Although Sanitarium, the maker of perennial breakfast favourite Marmite, has temporarily closed its Christchurch factory, the staff wintering over at Scott Base report they have a surplus. Two hundred and fifty jars, to be precise, and plenty of Vegemite too. They’d like to trade it for some fresh fruits and vegetables, and maybe a little bit of light as well. Since the sunset of April 24th, the fourteen staff have seen no natural daylight and nor will they until August 19th. Resupply flights won’t resume until then, so in the meantime there is plenty of Marmite plus canned, dried and frozen food.
So why does the sun disappear for months at a time down at the bottom of the world?
It all has to do with the tilt of the earth’s axis, which is what gives us seasons. Astronomers know it by less understandable term the obliquity of the ecliptic. The tilt is 23.44° at present but is changing very slowly due to planetary perturbations.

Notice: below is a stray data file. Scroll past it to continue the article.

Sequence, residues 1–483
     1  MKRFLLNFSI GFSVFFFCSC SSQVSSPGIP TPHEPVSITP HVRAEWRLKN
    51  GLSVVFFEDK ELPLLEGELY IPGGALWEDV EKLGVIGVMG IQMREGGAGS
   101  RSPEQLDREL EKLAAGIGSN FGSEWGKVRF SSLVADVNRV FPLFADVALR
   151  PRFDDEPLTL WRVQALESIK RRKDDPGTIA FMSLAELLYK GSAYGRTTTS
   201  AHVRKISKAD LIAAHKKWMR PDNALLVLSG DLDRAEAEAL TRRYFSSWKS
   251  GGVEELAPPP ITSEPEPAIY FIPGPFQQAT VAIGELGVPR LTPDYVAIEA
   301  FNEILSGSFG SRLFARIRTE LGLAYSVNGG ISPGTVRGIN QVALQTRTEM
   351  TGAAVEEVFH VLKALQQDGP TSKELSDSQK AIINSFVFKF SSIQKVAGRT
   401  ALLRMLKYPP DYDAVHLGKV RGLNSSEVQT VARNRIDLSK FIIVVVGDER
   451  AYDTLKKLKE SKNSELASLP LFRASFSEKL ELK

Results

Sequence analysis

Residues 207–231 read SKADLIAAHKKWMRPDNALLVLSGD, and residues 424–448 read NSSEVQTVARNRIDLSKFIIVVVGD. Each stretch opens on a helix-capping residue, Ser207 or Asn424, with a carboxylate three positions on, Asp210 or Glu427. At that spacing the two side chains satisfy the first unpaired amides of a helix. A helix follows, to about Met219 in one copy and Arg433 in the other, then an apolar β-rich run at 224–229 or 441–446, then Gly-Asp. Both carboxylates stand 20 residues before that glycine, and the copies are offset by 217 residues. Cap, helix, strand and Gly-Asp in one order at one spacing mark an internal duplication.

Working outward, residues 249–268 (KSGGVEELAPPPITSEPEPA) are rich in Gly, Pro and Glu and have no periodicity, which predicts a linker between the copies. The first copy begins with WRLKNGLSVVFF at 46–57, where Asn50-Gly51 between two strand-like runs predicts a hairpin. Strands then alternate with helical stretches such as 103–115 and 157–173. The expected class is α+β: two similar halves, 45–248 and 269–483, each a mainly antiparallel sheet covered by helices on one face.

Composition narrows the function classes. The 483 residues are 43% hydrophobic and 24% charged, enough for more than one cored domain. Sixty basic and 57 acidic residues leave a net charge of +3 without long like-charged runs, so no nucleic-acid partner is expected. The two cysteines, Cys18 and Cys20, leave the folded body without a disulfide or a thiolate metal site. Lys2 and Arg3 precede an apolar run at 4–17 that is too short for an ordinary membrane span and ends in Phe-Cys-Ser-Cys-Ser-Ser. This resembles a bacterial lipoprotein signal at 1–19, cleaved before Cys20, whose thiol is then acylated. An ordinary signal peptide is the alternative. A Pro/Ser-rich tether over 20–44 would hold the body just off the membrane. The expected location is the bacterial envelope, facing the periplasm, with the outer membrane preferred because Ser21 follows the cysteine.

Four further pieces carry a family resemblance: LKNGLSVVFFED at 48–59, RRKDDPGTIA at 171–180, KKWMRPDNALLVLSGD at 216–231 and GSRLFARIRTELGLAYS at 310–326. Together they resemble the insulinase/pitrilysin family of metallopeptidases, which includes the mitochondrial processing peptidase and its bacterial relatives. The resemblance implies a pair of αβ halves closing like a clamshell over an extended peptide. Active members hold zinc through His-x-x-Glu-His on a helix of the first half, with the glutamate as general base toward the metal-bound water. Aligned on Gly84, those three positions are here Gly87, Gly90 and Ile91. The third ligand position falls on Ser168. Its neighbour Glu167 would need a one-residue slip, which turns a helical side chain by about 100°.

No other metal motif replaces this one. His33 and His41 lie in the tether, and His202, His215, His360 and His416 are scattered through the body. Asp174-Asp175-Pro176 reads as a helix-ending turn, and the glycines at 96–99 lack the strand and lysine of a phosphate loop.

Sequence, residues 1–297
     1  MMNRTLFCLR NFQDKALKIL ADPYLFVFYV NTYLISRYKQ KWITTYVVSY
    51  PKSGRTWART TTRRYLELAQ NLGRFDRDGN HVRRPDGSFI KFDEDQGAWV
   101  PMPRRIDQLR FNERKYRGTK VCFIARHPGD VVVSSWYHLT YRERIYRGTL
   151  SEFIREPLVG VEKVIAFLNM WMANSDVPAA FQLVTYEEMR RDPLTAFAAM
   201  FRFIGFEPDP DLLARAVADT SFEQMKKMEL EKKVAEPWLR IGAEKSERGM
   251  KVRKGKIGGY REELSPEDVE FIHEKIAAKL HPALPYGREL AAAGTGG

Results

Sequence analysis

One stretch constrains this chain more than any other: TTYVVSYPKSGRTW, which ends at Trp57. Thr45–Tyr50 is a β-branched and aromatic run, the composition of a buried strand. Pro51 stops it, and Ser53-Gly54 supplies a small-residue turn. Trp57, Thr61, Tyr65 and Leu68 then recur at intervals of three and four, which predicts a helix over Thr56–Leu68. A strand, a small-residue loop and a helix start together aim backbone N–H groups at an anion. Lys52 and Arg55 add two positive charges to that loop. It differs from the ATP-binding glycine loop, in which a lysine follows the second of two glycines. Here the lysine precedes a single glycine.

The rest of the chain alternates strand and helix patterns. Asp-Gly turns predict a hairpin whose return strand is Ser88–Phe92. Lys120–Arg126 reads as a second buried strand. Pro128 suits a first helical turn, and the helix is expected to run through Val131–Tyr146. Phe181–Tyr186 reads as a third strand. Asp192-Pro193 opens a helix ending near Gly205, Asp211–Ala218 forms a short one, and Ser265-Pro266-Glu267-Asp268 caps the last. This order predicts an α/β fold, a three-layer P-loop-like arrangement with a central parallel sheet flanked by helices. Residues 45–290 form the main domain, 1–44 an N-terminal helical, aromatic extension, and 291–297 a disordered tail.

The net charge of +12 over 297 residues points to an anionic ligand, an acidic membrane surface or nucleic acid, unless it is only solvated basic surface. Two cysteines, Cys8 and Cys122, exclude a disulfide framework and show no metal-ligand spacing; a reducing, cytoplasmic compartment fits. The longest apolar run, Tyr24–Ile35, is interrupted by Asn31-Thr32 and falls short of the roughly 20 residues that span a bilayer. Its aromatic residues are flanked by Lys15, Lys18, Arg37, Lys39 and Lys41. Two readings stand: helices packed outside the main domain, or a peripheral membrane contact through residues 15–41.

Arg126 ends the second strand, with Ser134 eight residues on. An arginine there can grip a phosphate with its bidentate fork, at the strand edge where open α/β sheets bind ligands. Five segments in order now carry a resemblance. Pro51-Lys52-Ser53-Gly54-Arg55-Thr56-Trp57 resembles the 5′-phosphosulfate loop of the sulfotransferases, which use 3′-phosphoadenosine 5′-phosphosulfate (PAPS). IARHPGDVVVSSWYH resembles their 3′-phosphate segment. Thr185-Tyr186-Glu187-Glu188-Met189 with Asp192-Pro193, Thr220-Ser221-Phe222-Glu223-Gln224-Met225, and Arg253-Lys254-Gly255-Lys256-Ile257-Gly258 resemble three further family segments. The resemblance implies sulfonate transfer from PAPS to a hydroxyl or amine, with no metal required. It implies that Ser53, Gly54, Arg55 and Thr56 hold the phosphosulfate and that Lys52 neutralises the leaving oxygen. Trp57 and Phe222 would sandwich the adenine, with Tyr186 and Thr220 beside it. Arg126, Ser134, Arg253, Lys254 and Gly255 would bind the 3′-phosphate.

So when the earth is tilted away from the sun, in the Southern Hemisphere winter season, the daylight in Antarctica dwindles to nothing. In the summer the reverse happens. From October to February it is light for 24 hours a day. Most of the research stations have a full complement of staff in the summers, who work hard to do science projects and set up monitoring equipment in the long days. In the winter some bases close, while others are manned with reduced personnel. New Zealand’s Scott Base is open year round, as are bases belonging to China, Australia, the United States and others. Argentina’s Esperanza Base is one of only two civilian settlements, and has families with children as permanent residents. It is the birthplace of Emilio Palma, the first person in history known to be born on the continent of Antarctica.